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Evaluation of the precision and accuracy of the QUB/e method for assessing the as-built thermal performance of a low-energy detached house in UK

Sougkakis, Vasileios; Meulemans, Johann; Wood, Christopher; Gillott, Mark; Cox, Tom

Evaluation of the precision and accuracy of the QUB/e method for assessing the as-built thermal performance of a low-energy detached house in UK Thumbnail


Authors

Vasileios Sougkakis

Johann Meulemans

MARK GILLOTT MARK.GILLOTT@NOTTINGHAM.AC.UK
Professor of Sustainable Building Design

Tom Cox



Abstract

In this paper, the findings from a field study of the thermal performance of a low-energy dwelling are presented and discussed. The study aimed at evaluating the precision and accuracy of the QUB/e method in the field under UK climatic conditions. A series of in situ measurements were carried out in a low-energy detached house located in the University Park campus, University of Nottingham to determine both the whole building Heat Transfer Coefficient (HTC) and the thermal transmittances (U-values) of the external walls and the glazings. The values determined with well-established quasi-static measurement methods (coheating test, ISO 9869-1 average method) were used as reference (benchmark) values to assess the accuracy of the QUB/e method. In total 18 consecutive QUB/e tests were conducted. The QUB/e method was able to provide precise and accurate estimates of the whole building HTC: 94% of the results (i.e. 17 out of 18) were found to be within ± 15% from the mean and 78% of the HTC estimates (i.e., 14 out of 18) obtained with a QUB/e test could not be considered statistically different from the HTC determined with the coheating test (benchmark). It should be noted that the reported confidence intervals associated with the HTC estimates obtained with the QUB/e tests were slightly larger than the one reported for the coheating test (i.e., 11.6% in average and 6.1%, respectively). The Mean Bias Error (MBE) and the Root Mean Square Error (RMSE) associated with the HTC estimates obtained with the QUB/e tests were approximately 11%. The QUB/e method was also able to provide precise and accurate estimates of the thermal transmittances of the external walls and the glazings. We observed that all but seven (i.e., 119 out of 126 or 94%) U-values estimates of the external walls obtained with a QUB/e test could not be considered statistically different from the U-values determined with the ISO 9869-1 average method (benchmark). With regard to the glazings, this was observed for all U-values estimates (i.e., 162 out of 162 or 100%). It should be noted that the reported confidence intervals associated with the U-value estimates obtained with both test methods were close (i.e., approximately 10% in average) for all elements except for the ICF wall.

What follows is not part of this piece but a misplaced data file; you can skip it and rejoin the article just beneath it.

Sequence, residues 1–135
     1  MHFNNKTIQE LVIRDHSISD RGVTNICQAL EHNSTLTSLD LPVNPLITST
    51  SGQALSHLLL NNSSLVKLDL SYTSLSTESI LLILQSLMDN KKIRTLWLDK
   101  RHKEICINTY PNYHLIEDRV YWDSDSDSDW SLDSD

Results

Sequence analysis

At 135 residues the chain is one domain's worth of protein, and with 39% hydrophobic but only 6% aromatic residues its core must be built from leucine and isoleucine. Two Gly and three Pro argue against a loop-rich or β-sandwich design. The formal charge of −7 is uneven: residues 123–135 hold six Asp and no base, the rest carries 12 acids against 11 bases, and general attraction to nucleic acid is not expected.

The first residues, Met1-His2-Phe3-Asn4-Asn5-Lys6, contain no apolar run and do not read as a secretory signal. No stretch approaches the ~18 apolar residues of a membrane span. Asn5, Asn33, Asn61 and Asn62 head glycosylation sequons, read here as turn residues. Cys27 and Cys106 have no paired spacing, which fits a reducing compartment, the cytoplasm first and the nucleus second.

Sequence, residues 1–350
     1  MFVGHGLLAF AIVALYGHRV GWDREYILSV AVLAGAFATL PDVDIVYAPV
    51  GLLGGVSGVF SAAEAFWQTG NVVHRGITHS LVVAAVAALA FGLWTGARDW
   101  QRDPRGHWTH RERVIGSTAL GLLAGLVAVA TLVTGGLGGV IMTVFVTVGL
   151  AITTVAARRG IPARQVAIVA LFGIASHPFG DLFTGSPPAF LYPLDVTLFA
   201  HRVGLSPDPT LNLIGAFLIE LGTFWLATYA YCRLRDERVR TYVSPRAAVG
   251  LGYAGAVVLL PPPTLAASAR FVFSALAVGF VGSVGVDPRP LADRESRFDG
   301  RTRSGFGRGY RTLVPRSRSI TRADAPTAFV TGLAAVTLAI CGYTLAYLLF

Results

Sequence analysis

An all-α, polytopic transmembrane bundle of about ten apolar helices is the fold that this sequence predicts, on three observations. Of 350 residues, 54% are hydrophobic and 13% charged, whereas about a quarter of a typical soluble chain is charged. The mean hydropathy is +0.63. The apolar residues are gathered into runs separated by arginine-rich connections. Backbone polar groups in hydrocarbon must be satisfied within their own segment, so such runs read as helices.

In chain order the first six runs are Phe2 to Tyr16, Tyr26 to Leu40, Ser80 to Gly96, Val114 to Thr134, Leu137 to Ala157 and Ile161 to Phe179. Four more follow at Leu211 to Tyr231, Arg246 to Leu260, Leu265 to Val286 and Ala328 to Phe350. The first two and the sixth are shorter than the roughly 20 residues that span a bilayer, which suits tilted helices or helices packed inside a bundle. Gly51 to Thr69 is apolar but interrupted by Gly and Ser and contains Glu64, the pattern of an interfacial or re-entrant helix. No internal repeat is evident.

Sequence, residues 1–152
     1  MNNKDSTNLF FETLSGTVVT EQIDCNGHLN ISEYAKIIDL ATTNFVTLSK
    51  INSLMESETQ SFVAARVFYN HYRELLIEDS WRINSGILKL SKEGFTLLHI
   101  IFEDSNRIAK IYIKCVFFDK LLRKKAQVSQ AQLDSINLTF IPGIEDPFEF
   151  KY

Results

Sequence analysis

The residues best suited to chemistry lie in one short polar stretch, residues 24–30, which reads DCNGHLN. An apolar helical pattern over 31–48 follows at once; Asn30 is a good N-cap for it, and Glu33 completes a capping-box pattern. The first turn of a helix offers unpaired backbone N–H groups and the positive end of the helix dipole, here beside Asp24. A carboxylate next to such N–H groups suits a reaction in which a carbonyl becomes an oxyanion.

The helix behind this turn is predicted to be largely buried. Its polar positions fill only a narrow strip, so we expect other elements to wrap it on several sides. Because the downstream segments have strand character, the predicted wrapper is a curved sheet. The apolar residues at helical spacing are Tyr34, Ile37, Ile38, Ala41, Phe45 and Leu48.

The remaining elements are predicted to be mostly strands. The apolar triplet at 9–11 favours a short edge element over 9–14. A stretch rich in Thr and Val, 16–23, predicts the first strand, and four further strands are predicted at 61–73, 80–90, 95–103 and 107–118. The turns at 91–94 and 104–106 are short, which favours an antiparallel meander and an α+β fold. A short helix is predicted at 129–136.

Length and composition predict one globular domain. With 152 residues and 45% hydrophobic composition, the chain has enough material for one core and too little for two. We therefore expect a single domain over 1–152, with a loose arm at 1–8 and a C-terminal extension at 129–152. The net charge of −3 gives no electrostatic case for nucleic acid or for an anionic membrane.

Journal Article Type Article
Acceptance Date Oct 27, 2021
Online Publication Date Nov 16, 2021
Publication Date Jan 15, 2022
Deposit Date Dec 14, 2021
Publicly Available Date Nov 17, 2022
Journal Energy and Buildings
Print ISSN 0378-7788
Publisher Elsevier BV
Peer Reviewed Peer Reviewed
Volume 255
Article Number 111643
DOI https://doi.org/10.1016/j.enbuild.2021.111643
Keywords Electrical and Electronic Engineering; Mechanical Engineering; Building and Construction; Civil and Structural Engineering
Public URL https://nottingham-repository.worktribe.com/output/7016063
Publisher URL https://www.sciencedirect.com/science/article/abs/pii/S0378778821009270?via%3Dihub

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